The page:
Mammalogy: Adaptation, Diversity, Ecology (Hardcover)
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A completely revised and updated edition of the leading mammalogy textbook, featuring color photographs throughout and a new streamlined structure for enhanced use in courses.
There are more than 6,400 species in the class Mammalia, including the blue whale--the largest animal that has ever lived--and the pygmy shrew, which weighs little more than a dime. Such diversity among mammals has allowed them to play critical roles in every ecosystem, whether marine, freshwater, alpine, tundra, forest, or desert.
Reflecting the expertise and perspective of five leading mammalogists, the fifth edition of Mammalogy: Adaptation, Diversity, Ecology significantly updates taxonomy, adds a new introductory chapter on the science of mammalogy, and highlights several recently described species. To enhance its appeal to students, textual material has been reduced, consolidated, and streamlined without sacrificing breadth or depth of coverage. The fifth edition includes
- for the first time, stunning color photographs throughout
- chapters rearranged and grouped to best reflect phylogenetic relationships, with updated numbers of genera and species for each family
- updated mammalian structural and functional adaptations, as well as ordinal fossil histories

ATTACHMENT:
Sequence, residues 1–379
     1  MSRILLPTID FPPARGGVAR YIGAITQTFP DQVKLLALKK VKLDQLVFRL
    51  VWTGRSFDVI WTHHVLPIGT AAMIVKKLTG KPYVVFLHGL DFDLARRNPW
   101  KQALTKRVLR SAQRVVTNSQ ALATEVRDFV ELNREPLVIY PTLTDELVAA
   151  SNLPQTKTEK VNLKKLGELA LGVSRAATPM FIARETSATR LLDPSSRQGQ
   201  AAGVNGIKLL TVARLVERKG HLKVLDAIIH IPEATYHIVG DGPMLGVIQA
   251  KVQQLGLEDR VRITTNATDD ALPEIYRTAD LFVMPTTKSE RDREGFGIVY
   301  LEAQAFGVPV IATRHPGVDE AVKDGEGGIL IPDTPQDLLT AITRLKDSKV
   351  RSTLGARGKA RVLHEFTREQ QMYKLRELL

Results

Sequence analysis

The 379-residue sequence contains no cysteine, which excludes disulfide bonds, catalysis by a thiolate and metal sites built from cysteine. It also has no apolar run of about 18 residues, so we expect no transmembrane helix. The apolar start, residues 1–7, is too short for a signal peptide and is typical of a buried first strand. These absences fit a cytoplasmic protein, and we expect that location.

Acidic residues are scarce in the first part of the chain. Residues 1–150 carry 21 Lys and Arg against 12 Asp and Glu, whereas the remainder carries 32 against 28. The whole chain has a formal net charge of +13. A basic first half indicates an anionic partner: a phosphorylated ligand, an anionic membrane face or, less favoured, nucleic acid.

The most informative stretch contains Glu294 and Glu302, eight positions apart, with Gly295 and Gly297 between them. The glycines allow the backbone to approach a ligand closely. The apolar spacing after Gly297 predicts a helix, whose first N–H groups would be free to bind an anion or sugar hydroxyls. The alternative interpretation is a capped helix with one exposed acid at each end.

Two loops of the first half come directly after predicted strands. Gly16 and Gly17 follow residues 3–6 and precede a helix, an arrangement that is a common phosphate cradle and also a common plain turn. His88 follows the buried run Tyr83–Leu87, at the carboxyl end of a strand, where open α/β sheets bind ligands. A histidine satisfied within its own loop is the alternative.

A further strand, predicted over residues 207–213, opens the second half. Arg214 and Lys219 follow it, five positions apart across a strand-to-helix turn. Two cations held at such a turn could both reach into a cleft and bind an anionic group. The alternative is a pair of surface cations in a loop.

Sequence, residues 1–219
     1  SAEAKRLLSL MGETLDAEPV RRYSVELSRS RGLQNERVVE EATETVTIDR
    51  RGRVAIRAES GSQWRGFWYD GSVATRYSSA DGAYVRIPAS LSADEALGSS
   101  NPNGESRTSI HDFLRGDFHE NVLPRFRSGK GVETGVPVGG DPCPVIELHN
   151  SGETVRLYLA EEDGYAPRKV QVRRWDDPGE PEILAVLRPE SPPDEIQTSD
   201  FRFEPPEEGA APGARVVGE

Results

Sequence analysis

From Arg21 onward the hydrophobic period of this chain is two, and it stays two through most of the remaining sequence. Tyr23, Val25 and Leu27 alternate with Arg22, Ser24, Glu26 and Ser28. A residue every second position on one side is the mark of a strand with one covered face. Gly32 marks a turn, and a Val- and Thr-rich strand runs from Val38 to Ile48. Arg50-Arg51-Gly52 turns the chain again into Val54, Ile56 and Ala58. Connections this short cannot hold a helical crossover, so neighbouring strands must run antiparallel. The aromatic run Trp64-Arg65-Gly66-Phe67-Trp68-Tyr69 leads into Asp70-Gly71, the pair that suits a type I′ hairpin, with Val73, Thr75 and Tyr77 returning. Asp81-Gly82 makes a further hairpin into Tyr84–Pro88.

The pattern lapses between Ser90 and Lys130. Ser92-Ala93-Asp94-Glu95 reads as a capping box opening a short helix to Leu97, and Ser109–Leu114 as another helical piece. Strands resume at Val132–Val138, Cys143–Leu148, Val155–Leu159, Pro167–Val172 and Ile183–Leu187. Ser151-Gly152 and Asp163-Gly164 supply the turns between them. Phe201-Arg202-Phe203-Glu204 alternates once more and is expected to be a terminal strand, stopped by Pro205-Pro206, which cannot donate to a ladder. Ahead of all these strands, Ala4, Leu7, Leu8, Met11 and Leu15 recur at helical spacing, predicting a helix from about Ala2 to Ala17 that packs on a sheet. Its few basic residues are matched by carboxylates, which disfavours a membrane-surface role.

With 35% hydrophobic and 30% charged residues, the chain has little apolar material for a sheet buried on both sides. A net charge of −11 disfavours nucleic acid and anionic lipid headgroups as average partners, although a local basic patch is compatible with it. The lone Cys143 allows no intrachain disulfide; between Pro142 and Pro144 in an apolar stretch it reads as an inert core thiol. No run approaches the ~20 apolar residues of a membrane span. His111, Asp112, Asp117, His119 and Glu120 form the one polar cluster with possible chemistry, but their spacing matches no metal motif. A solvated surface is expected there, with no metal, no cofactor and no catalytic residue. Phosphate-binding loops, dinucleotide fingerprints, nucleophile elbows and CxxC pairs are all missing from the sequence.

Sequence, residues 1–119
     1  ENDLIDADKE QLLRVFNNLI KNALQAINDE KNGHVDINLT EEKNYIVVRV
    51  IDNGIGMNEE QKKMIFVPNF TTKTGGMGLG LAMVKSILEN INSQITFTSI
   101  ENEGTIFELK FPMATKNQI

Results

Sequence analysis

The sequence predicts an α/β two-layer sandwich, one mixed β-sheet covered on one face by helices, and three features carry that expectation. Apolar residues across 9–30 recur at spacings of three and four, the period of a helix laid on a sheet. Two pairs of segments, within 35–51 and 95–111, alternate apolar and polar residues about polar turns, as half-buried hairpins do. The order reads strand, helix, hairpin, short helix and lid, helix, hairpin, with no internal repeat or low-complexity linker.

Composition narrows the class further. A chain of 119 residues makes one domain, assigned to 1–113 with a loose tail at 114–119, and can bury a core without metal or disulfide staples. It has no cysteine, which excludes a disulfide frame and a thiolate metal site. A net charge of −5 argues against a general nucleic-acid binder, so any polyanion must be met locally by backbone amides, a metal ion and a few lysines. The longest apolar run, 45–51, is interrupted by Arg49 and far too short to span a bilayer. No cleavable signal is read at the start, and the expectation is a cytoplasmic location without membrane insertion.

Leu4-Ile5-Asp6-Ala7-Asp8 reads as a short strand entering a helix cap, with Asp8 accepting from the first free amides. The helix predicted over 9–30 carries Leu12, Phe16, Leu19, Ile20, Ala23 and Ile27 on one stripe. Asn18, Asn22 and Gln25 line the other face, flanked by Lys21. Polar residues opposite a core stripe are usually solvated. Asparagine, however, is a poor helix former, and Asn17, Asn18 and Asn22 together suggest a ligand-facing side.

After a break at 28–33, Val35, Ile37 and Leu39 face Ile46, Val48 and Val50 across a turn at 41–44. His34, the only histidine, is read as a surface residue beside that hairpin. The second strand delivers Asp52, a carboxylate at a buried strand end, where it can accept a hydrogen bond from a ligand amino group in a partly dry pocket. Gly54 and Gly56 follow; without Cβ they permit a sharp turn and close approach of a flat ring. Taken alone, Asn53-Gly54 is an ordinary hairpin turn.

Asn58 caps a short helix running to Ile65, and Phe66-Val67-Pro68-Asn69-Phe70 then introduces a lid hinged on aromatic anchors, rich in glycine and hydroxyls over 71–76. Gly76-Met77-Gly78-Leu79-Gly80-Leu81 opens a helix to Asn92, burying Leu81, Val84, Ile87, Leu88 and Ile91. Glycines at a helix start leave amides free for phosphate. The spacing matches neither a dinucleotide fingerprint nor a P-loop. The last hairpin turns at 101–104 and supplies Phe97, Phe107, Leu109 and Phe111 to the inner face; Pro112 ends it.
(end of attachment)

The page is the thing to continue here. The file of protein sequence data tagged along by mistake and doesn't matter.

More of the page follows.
- recent advances in mammalian phylogeny, biogeography, social behavior, and ecology, with 12 new or revised cladograms reflecting current research findings
- new breakout boxes on novel or unique aspects of mammals
- new work on female post-copulatory mate choice, cooperative behaviors, group defense, and the role of the vomeronasal system
- discussions of the current implications of climate change and other anthropogenic factors for mammals
Maintaining the accessible, readable style for which Feldhamer and his coauthors are well known, this new edition of Mammalogy is the authoritative textbook on this amazingly diverse class of vertebrates.
About the Author
George A. Feldhamer is professor emeritus of zoology at Southern Illinois University Carbondale. He is the senior editor of Wild Mammals of North America: Biology, Management, and Conservation and the coauthor of Mammals of the National Parks and Deer: The Animal Answer Guide. Joseph F. Merritt is a professor of zoology at the University of Illinois and the author of Guide to the Mammals of Pennsylvania and Biology of Small Mammals. Carey Krajewski is a professor of zoology at Southern Illinois University and the associate editor of the Journal of Mammalian Evolution. Janet L. Rachlow is a professor of wildlife ecology at the University of Idaho. Kelley M. Stewart is an associate professor of wildlife ecology and conservation at the University of Nevada, Reno.